Abubakar Surur looks very humble. Yet he is the perfect example of not judging a book by its title. The 62-year-old Kenyan recently pleaded guìlty to poaching charges in a US court in a case that revealed how he and his accomplices earned Ksh864.8 million from the illégal sale of ivory and rhinoceros horns.
Documents from a New York federal court reveal that Abubakar Mansur Mohammed Surur was part of a transnational crimìnal syndicate involved in the large-scale traffìcking and smùggling of rhinoceros horns and elephant ivory over the past seven years.
Mr Surur’s crìmes, to which he pleaded guìlty, involved the illégal poaching of more than 35 rhinoceros and about 100 elephants – both endangèred species – across seven African countries, including Kenya.
Most of the horns and ivory were from Uganda, the Democratic Republic of the Congo, Guinea, Kenya, Mozambique, Senegal, and Tanzania.
The prosecutors disclosed Mr Surur accomplices as Liberian Moazu Kromah and Amara Cherif from Guinea. They made at least Sh397.3 million from the sale of 190 kilogrammes of rhino horns and Sh467.5 million from the approximately 10 tonnes of trafficked ivory.
“In total, the estimated average retail value of the rhinoceros horn involved in the conspiracy was at least approximately $3.4 million, and the estimated average retail value of the elephant ivory involved in the conspiracy was at least approximately $4 million,” Damian Williams, US attorney for the Southern District of New York, in a statement.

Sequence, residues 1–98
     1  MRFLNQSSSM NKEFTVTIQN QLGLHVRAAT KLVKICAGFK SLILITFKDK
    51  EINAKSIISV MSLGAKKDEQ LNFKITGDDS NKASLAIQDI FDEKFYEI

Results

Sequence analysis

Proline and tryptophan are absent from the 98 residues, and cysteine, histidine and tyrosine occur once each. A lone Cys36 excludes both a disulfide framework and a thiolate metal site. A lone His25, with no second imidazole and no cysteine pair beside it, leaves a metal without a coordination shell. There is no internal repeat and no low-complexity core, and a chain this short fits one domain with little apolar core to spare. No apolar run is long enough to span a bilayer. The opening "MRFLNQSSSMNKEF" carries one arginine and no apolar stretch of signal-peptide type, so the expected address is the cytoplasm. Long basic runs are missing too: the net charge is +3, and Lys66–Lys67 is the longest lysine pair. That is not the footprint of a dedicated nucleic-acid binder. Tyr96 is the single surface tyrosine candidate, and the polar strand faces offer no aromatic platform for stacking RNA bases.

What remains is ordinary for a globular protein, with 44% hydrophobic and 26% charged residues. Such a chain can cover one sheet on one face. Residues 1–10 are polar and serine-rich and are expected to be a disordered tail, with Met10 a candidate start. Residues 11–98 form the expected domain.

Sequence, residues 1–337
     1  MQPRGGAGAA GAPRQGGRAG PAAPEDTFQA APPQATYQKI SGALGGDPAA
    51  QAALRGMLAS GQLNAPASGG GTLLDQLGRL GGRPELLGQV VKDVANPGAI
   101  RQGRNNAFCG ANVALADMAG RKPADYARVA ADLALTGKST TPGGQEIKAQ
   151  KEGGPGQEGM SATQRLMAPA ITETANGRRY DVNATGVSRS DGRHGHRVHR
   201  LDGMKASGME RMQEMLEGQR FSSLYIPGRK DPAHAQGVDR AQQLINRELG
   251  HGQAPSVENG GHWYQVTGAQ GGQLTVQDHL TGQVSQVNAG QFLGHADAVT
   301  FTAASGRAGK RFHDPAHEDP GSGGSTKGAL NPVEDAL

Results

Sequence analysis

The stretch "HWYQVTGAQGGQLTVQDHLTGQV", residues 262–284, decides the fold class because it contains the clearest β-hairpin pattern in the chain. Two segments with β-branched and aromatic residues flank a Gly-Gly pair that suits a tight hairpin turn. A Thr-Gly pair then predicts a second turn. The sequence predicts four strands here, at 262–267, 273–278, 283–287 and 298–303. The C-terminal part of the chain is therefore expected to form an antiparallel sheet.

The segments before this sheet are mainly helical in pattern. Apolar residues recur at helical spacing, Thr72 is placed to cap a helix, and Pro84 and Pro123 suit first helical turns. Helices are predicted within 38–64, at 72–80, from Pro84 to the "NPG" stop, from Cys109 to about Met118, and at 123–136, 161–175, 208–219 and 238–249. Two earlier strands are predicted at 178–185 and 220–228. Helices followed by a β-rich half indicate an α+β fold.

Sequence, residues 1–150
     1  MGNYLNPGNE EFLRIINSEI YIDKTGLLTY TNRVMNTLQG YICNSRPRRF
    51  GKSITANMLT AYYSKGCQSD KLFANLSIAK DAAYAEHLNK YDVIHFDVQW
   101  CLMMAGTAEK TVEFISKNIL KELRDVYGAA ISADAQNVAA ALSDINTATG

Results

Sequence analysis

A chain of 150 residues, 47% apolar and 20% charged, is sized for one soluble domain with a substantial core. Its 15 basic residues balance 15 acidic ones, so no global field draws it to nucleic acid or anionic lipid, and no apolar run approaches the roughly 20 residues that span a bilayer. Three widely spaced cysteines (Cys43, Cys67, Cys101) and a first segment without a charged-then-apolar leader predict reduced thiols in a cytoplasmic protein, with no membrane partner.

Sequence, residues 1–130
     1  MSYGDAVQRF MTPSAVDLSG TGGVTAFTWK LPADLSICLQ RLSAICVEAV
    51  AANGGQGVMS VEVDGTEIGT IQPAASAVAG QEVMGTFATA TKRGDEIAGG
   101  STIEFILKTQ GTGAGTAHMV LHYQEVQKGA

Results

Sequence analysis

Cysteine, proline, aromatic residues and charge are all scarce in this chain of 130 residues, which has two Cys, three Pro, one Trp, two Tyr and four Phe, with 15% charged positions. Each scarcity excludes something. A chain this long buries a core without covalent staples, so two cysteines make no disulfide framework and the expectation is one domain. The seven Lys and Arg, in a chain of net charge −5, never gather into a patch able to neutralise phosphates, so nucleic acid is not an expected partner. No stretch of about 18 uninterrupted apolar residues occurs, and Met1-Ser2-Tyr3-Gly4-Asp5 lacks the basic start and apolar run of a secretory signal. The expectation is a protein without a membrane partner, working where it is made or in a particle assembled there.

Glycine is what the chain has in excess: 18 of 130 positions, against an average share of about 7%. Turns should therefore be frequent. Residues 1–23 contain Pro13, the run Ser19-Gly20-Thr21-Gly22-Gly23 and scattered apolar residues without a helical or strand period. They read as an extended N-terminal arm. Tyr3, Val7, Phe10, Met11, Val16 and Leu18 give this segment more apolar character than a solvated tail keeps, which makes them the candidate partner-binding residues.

The Kenyan who was extradited to the US in January last year could face life in prìson. The crìme carries a maximum sentence of five years and another count of conspiracy to traffic héroin, which carries a maximum sentence of life in prìson.
Mr Surur and his accomplices mostly operated in Kampala while their buyers were located in the US and countries in Southeast Asia.
“The defendants received and deposited payments from foreign customers that were sent in the form of international wire transfers, some of which were sent through US financial institutions, and paid in cash,” Mr Williams said.
The statement released by the US attorney said law enforcement agents intercepted a package on March 16, 2018, containing a black rhinoceros horn sold by Mr Surur and his accomplices. The buyer was in Manhattan.
Still in 2018, the accused persons offered to sell additional rhinoceros horns of varying weights, including horns weighing up to seven kilogrammes. The police intercepted the package with two rhinoceros horns on July 17, 2018. The illègal products were concealed in a package passed as pieces of art such as African masks and statues.
Another Kenyan, Badru Abdul Aziz Saleh is in custody awaiting extradition while an accomplice, Abdi Hussein Ahmed, also a Kenyan, is still at large with a bounty of up to $1 million for his capture.
Mr Surur was arrèsted on July 29, 2020, at the Moi International Airport, Mombasa after landing from Yemen on a chartered flight. A trade involving endángered or threatened species is a violation of the Kenyan and US laws, as well as international treaties. (Reporting by Business Daily)